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National Espresso Day-KALW Almanac-11/23/2015

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  • 327th Day of 2015 38 Remaining
  • Winter Begins in 28 Days
  • Sunrise:6:59
  • Sunset:4:53
  • 9 Hours 54 Minutes
  • Moon Rise:3:40pm
  • Moon Set:4:12am
  • Phase:93% 12 Days
  • Next Full Moon November 25 @ 2:44pm
  • This was the time to set beaver traps before the swamps froze, to ensure a supply of warm winter furs. Another interpretation suggests that the name Full Beaver Moon comes from the fact that the beavers are now actively preparing for winter. It is sometimes also referred to as the Frosty Moon.
  • Tides
  • High:8:03am/9:16pm
  • Low:1:40am/2:45pm
  • Holidays
  • National Espresso Day
  • National Cashew Day
  • Dr Who Day
  • Eat A Cranberry Day
  • Fibonacci Day (a pattern of counting where each number is the sum of the previous two)
  • Cutty Sark Day
  • On This Day
  • 1499 --- Perkin Warbeck, who invaded England in 1497 claiming to be the lost son of King Edward IV, is hanged for allegedly trying to escape from the Tower of London. Believed to be a native of Tournai in Belgium, Warbeck went to Ireland in 1491 and claimed he was Richard, duke of York, the second son of Edward IV. Richard and his elder brother were presumed murdered in the Tower of London by their uncle, King Richard III, in 1483. Warbeck found support from the enemies of King Henry VII, the first Tudor king of England, and in 1497 landed at Cornwall and raised an army of 6,000 men. Faced with King Henry’s larger army, he fled but was captured and imprisoned. In November 1499, he was executed. Warbeck’s story was written by the Tudors–history’s victors–and it might never be known whether he was actually Richard of York or just a Flemish impostor.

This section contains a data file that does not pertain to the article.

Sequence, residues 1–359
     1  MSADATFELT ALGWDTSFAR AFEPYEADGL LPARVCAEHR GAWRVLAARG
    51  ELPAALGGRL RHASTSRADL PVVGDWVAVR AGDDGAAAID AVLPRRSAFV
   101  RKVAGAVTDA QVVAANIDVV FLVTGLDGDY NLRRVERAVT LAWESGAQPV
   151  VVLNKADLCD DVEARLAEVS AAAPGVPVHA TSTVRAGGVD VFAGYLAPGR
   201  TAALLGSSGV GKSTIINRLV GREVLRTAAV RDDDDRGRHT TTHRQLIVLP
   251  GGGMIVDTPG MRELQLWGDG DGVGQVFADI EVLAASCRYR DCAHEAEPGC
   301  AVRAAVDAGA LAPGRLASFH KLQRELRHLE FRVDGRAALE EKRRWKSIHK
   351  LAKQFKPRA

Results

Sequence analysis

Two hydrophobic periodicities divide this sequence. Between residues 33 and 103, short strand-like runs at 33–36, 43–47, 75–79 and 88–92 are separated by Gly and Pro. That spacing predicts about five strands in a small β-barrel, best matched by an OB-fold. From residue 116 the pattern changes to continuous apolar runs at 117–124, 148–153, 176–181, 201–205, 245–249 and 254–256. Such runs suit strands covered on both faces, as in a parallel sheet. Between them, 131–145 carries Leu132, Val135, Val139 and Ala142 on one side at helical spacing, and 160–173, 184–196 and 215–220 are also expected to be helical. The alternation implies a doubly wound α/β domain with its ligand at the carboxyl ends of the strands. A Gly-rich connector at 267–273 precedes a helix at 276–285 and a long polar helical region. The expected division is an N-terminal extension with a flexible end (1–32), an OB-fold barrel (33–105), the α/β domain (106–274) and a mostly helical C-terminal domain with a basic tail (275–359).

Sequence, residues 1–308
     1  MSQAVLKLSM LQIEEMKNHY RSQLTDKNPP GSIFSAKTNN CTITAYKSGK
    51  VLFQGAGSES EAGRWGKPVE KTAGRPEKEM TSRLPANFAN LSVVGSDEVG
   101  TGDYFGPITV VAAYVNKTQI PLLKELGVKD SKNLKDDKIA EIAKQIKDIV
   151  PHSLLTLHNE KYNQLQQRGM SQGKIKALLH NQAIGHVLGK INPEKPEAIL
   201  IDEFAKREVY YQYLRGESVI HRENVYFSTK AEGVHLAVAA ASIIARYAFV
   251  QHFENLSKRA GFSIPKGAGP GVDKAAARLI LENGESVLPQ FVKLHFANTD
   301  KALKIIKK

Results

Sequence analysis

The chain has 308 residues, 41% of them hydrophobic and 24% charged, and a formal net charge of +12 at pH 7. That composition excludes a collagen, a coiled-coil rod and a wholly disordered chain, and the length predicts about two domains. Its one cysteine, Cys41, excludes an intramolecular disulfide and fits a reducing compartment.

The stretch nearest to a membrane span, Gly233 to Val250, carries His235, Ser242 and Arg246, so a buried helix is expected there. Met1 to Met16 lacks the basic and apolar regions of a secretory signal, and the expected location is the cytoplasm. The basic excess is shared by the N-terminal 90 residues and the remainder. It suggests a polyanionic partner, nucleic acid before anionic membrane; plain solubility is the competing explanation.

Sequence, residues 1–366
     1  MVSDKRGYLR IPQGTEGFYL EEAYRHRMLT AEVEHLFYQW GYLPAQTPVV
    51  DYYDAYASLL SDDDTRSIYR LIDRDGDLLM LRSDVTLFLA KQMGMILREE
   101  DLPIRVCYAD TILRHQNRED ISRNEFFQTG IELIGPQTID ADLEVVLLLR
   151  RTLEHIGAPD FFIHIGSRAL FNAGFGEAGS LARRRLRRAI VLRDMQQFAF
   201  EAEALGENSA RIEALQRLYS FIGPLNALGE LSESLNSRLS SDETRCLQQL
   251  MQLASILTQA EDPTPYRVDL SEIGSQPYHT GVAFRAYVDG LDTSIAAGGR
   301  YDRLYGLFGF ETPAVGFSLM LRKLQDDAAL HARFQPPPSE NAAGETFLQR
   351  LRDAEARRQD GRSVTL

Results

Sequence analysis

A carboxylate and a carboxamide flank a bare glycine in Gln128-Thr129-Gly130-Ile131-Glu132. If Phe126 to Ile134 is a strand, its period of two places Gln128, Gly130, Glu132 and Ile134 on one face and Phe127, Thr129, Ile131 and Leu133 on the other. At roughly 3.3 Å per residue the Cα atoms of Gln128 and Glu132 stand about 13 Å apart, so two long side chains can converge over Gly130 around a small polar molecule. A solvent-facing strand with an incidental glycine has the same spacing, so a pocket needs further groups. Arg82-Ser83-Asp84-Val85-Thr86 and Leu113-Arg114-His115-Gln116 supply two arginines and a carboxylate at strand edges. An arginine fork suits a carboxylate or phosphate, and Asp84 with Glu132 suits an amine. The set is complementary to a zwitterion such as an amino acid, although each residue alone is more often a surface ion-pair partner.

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  • 1835 --- Henry Burden was granted the first U.S. patent for a horseshoe manufacturing machine.
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  • 1869 --- The 3 masted clipper ship 'Cutty Sark' was launched at Dunbarton, Scotland. It was one of the last to be built and is the only one surviving today. It is 212 feet long and 36 feet wide. It was initially used in the English/Chinese tea trade. Fully restored in 1957, it is in dry berth in Greenwich, London as a sailing museum.
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  • 1874 --- Thomas Hardy’s novel “Far from the Madding Crowd” is published. In the novel, farm owner Bathsheba Everdene is courted by three suitors, each showing a different face of love and human nature. Although the book ends happily, it contains many of the tragic elements, grim view of human nature, and pessimistic outlook that characterize Hardy’s later masterworks, including Tess of the D’Urbervilles (1891) and Jude the Obscure (1895).